In July 2007, following public outrage and President Karzai’s criticisms, NATO announced that it would change its tactics to reduce civilian casualties. The changes included using smaller munitions in bombs, suspending attacks when civilians might be harmed, and letting the Afghan National Army conduct house-to-house searches. NATO’s Secretary General Jaap de Hoop Schaeffer said NATO “was working with weapons load on aircraft to reduce collateral damage.”67

56 On June 18, 2007, seven Afghan civilians were killed in a planned strike on a madrassa (Islamic school) in Paktika province aimed at insurgents. Because this mission does not show up in the daily summaries provided by the US Air Force, military sources cast doubt on this having been an airstrike, with some suggesting it was a rocket attack using the Guided Multiple Launch Rocket System.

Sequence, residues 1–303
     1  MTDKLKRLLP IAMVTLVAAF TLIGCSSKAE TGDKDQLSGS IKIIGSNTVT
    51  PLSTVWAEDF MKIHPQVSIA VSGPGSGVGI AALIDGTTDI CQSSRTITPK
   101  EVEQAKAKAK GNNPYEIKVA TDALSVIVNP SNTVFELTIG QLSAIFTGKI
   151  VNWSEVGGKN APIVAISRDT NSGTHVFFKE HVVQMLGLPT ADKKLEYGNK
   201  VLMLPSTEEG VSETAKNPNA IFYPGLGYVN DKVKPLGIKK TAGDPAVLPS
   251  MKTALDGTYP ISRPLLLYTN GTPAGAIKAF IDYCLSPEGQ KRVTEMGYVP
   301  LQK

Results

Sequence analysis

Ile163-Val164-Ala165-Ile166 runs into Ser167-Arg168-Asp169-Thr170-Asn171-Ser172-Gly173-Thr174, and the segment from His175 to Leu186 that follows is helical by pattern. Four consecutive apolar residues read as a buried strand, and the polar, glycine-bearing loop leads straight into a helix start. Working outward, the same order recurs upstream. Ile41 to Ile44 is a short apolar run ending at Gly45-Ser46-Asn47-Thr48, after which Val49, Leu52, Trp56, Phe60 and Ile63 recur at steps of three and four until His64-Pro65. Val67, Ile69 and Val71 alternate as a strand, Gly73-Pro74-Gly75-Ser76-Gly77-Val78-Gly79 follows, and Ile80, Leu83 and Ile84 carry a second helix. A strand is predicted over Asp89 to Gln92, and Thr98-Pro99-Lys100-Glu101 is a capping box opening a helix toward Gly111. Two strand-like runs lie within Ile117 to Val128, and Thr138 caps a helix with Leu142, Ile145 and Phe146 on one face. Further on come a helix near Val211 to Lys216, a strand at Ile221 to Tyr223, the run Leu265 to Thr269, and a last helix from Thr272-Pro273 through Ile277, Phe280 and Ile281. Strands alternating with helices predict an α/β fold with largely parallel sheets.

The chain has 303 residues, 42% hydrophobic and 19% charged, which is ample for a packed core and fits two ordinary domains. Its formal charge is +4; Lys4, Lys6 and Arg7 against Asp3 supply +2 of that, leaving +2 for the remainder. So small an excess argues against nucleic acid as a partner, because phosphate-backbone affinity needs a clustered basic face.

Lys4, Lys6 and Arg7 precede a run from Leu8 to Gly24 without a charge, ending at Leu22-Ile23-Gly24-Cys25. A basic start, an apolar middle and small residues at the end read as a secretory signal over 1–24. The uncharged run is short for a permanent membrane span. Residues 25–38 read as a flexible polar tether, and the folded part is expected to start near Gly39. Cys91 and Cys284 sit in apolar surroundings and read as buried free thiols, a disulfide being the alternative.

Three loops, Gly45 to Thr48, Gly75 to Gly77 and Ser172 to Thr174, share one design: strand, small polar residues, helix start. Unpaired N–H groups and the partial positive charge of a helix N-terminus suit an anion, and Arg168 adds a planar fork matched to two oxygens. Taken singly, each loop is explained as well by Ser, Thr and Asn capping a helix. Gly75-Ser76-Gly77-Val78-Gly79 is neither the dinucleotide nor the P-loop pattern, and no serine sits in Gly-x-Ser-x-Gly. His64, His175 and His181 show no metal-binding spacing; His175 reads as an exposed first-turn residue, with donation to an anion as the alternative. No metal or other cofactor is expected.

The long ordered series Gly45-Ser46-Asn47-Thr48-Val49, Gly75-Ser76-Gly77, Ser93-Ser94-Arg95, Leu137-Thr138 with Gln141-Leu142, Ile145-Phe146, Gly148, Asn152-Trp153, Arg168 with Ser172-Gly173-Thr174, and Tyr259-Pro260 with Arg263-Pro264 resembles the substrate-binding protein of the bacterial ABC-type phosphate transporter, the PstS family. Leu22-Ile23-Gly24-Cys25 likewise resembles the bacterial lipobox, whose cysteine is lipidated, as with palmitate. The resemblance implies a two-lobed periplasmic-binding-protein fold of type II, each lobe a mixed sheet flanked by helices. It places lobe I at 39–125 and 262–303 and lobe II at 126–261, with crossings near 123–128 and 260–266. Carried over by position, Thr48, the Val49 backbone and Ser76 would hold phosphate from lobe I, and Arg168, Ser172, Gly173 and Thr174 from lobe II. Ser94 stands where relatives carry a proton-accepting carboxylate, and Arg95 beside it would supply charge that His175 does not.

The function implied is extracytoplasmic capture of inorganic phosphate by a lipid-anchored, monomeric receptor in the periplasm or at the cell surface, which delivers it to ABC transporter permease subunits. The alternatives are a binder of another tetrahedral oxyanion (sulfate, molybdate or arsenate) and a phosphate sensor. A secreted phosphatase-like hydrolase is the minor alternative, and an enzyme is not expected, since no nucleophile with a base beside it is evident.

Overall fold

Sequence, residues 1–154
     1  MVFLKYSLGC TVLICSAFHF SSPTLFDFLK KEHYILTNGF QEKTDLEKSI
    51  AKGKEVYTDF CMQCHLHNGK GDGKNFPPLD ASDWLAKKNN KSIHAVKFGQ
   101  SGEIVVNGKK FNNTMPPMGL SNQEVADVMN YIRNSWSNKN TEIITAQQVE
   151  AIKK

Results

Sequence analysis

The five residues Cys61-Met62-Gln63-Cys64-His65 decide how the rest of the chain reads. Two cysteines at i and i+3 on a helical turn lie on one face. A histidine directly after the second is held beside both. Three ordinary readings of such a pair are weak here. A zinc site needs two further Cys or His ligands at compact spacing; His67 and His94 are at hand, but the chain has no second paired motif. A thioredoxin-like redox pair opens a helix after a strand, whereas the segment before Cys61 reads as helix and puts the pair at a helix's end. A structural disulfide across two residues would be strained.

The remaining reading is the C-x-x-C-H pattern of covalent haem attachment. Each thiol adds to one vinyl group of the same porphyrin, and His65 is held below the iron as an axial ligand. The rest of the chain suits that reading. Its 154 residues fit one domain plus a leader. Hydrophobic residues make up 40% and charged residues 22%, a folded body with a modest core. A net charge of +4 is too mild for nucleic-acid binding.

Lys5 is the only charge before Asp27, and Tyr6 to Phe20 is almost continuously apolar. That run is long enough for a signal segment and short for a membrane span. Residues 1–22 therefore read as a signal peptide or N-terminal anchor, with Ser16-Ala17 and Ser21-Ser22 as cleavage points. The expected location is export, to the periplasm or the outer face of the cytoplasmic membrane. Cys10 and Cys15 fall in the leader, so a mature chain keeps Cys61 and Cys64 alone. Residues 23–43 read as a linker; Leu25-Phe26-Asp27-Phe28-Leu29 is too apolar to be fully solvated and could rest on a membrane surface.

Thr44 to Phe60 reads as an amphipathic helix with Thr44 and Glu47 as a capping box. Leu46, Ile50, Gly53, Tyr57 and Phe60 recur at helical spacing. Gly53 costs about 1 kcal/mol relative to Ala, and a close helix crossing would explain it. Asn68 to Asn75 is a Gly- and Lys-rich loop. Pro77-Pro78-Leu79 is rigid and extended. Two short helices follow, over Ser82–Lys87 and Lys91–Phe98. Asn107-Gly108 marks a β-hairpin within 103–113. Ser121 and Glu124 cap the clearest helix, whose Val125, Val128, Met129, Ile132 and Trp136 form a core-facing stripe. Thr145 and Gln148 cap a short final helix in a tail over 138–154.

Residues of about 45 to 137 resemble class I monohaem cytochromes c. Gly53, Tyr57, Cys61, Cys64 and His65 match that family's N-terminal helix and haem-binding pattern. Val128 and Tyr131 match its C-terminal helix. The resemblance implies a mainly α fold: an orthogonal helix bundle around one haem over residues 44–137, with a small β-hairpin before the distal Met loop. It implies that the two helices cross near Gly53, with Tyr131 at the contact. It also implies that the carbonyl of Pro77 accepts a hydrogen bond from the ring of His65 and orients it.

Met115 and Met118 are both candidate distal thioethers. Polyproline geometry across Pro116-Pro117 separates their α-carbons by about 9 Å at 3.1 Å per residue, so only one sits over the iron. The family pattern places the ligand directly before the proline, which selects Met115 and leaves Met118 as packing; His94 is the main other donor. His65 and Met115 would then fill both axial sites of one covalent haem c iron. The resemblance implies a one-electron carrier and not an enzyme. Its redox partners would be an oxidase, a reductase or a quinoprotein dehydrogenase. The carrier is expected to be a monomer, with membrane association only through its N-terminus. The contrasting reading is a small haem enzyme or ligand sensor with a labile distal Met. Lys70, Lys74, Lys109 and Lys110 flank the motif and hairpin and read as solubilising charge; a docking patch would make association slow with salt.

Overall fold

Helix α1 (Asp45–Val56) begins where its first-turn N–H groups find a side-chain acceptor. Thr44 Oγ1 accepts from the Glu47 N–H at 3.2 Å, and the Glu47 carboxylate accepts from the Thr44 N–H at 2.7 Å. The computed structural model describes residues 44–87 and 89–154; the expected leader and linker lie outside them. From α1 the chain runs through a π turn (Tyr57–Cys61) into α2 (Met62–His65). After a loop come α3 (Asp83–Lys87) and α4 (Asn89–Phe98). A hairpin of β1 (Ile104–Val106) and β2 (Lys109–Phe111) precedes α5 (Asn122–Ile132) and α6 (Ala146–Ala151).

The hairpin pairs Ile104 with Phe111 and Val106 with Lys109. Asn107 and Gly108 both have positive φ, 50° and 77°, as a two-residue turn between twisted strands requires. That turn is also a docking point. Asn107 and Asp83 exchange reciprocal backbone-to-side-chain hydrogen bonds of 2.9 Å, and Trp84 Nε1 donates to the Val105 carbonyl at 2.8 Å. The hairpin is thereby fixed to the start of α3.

57 On December 8, 2006, four civilians were killed in an airstrike during operation “Western Hammer.” The bombing of the house they occupied may have been a planned strike, but it is unclear.

58 Human Rights Watch interviews with NATO JAG staff, Kabul, July 23, 2007.

59 Ibid.

60 Ibid.

61 Ibid.

62 Briefing from a US Army general who asked for anonymity, Bagram Air Force Base, July 30, 2007.

63 Ibid.

64 Ibid.

65 Human Rights Watch interview with an ambassador (name and country withheld), Kabul, July 22, 2007.

66 Ibid.; Briefing from a US Army general (name withheld), Bagram Air Force Base, July 30, 2007.

67 Mark Tran, “NATO changes tactics to avoid Afghan civilian deaths,” The Guardian Unlimited, July 30, 2007.